And when you go to war in your land against the adversary who oppresses you, then you shall sound an alarm with the trumpets, that you may be remembered before the LORD your God, and you shall be saved from your enemies. (10) On the day of your gladness also, and at your appointed feasts and at the beginnings of your months, you shall blow the trumpets over your burnt offerings and over the sacrifices of your peace offerings. They shall be a reminder of you before your God: I am the LORD your God.” (Numbers 9:9-10)
In War and Peace, Leo Tolstoy aimed to show the novel’s multitude of characters against backgrounds of raging war and relative peace, living and behaving as normally in one as the other. Weaving these lives together in polar circumstances may have been, as one commentator describes, the author’s “personal quest to discover a unifying truth underlying the multiple and seemingly unrelated daily events that make up reality.”
Believing he could discover this common denominator through reason, the author was led to disillusionment and nihilism. The seemingly unrelated and polar realities of experience on earth—war, peace, love, hate, joy, mourning, building up, tearing down, laughter, tears—cannot be explained by human reason. The whole of history is a divine mystery. Whereas nihilism implies disorder and chaos, divine implies order and purpose. The unifying truth—the common denominator—has always been God. And God is found only through faith.
“From one man He created all the nations throughout the whole earth. He decided beforehand when they should rise and fall, and he determined their boundaries. His purpose was for the nations to seek after God and perhaps feel their way toward him and find him—though he is not far from any one of us.” (Acts 17:26-27, NLT)
Commands regarding the use of the silver trumpets in the Promised Land serve as a microcosmic example of divine order in polar opposite experiences. The trumpet sounds were used to direct the minds and hearts of the Hebrew people toward the common denominator in war and peace—and everything in-between—God.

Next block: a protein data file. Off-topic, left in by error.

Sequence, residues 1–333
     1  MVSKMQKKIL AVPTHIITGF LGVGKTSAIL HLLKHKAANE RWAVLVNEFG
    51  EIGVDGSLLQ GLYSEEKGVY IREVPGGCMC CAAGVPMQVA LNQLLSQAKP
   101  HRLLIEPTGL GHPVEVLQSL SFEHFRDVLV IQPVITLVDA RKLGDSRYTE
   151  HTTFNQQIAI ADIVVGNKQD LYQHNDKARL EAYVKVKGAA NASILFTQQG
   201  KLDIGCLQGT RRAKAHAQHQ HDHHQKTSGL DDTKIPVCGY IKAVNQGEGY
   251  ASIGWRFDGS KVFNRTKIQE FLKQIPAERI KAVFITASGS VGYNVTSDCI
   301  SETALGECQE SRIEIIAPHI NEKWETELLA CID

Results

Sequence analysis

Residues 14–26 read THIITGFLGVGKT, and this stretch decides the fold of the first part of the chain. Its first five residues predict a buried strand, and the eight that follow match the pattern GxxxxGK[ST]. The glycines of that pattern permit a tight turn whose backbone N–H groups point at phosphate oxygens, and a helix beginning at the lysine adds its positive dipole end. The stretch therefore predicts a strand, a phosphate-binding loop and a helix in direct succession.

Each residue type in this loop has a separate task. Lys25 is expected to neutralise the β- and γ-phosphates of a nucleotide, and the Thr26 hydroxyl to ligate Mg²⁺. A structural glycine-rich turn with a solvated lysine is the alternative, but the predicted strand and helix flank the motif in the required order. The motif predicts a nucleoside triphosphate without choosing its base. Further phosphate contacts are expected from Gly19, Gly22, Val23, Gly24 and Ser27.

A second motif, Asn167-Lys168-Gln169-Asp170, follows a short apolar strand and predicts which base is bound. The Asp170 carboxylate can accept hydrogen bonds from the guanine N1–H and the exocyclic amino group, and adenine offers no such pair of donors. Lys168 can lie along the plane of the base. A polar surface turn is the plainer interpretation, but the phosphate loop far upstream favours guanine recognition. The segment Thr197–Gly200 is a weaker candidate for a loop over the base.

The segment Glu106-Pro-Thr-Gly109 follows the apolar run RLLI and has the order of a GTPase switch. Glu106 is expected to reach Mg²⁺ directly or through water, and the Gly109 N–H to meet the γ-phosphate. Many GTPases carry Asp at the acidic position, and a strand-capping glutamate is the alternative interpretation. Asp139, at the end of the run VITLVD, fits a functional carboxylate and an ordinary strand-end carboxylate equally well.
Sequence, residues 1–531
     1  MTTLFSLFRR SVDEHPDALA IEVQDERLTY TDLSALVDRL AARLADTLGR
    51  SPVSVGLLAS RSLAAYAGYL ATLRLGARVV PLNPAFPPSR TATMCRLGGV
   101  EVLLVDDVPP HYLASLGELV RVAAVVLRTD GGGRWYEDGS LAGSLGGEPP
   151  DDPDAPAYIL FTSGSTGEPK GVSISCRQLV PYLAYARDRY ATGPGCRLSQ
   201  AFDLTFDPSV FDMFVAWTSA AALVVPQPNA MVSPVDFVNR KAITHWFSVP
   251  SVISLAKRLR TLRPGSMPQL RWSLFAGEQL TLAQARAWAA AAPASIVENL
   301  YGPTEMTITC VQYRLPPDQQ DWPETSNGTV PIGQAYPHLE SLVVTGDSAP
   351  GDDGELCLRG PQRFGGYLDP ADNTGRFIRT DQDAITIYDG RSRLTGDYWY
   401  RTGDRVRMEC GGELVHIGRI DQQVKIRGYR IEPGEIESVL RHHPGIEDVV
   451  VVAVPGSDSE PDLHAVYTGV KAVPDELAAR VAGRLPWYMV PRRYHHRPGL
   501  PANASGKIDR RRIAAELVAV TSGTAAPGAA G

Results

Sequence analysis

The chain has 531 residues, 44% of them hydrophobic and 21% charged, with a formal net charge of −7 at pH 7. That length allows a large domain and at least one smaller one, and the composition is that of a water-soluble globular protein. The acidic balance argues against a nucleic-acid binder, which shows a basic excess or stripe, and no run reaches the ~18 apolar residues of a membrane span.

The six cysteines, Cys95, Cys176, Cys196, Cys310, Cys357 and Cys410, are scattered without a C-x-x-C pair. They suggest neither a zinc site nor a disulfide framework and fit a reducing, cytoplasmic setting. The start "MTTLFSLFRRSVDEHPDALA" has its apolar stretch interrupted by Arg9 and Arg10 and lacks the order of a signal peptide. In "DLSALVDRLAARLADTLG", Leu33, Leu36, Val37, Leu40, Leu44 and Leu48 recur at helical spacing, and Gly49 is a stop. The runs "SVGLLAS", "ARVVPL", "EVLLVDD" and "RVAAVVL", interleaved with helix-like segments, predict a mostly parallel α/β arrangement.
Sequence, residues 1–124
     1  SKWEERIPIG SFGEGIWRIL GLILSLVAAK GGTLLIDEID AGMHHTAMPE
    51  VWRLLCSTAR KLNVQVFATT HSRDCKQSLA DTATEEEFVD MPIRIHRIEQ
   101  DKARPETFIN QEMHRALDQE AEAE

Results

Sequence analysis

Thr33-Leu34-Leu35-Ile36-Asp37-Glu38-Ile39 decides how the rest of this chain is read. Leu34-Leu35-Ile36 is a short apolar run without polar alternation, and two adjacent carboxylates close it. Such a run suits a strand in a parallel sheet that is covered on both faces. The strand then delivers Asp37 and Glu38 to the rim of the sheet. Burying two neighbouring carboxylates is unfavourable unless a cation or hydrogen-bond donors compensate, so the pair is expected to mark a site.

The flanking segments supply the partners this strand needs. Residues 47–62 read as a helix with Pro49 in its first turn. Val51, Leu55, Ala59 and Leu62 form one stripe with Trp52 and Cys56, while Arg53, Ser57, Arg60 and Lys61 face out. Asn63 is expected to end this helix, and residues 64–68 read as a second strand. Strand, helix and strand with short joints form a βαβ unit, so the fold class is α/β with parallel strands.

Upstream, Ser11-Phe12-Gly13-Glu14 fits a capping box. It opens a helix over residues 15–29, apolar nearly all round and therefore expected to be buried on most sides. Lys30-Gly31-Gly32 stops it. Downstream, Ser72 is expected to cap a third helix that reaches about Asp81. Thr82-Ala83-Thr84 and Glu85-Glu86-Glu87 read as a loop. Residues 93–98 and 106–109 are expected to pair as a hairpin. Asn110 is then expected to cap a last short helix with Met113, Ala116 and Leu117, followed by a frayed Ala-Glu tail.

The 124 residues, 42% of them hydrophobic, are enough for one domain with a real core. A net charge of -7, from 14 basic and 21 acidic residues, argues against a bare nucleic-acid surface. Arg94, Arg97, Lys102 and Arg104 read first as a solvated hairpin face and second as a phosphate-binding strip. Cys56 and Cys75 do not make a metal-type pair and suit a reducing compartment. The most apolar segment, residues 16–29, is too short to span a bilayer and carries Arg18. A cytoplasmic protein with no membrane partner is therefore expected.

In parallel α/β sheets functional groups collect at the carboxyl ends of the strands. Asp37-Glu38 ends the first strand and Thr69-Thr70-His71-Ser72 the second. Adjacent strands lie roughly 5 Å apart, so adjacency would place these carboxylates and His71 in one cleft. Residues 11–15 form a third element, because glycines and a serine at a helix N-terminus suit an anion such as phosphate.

Trumpet alarms sounded in wartime, a time of dread. And trumpet blasts sounded in peacetime, times of worship. Same trumpets. Opposite meanings.
Whether in war or peace, the trumpets served as a tangible reminder of God’s ongoing remembrance of His people. Not that God needed reminding. But the people needed reminding. A trumpet signal indicating war reminded the people that God would protect and deliver. A trumpet signal indicating worship reminded the people of their covenant with God and the peace enjoyed between them.
Those of us in an unfulfilling job situation have our own polar opposite experiences. These too are accompanied by sounds that remind us of workday war and peace. Weekday alarm clocks bring great dread. And great relief and gladness comes from the sound of an end-of-shift alarm, whether that is a second-hand’s click to 5:00 p.m. or a mental rendition of an Alleluia chorus.
For some people, going to work can be a positive experience. This contrasts sharply with the majority of people, who for them, work is like going to war. It is a battle to get up in the morning. To find something to wear. To face the traffic. We want to freely breathe, create, and live. But amid the battle, nothing in us can see the point in spending another day suffocating, having no input, and dying.
Yet we can’t ignore the reality of divine order.
Is it possible to shift our perception of the metaphorical trumpets of alarm clocks and end-of-shift alarms to take on a new role? To allow these sounds to direct our minds and hearts toward God? Whether you are beginning the day and filled with dread, or ending the day and filled with gladness, let the associated sounds become tangible reminders of God’s ongoing remembrance of you. Reminding you that God watches over you 24/7. Reminding you of His ability—and willingness—to help you in any situation. In other words, wholly surrendering each work day to God, the common denominator in all of your experience.
Trust that God will save you from the enemies of hopelessness, depression, boredom, lack of challenge, thoughts of suicide, being somewhere that your heart is not. Take refuge in the fact that “since we have been justified by faith, we have peace with God through our Lord Jesus Christ” (Romans 5:1).
Begin of day or end of day. Dread or gladness. War or peace. Sound the trumpet of remembrance before God. God doesn’t need reminding, but you do.
God, I am overwhelmed by the thought that You are mindful of me 24/7. That you consider me. That you intervene for me. Like David I want to say “what is man that you are mindful of him, and the son of man that you care for him?” I feel so unimportant and without purpose. This job drags me down to the pit. And though I call out to You…, well, I’m still there wasting away. Increase my faith! I am thankful that you watch over me. And God, at the same time You know my distress and anguish. Please rescue me from the oppressive enemies that surround me. And with David I pray “do not delay.” In the Name of Jesus I Pray, Amen.